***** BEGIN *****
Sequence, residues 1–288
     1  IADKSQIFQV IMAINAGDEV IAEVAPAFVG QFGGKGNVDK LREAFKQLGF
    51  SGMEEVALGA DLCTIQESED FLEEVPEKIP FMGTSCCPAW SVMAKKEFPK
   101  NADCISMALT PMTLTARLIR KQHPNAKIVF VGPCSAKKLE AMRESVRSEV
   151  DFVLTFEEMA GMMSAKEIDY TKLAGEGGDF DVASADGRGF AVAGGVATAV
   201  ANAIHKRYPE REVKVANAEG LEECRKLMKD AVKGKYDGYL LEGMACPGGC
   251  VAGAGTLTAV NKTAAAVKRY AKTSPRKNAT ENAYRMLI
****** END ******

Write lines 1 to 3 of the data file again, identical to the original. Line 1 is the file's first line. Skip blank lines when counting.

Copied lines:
Sequence, residues 1–288
     1  IADKSQIFQV IMAINAGDEV IAEVAPAFVG QFGGKGNVDK LREAFKQLGF
    51  SGMEEVALGA DLCTIQESED FLEEVPEKIP FMGTSCCPAW SVMAKKEFPK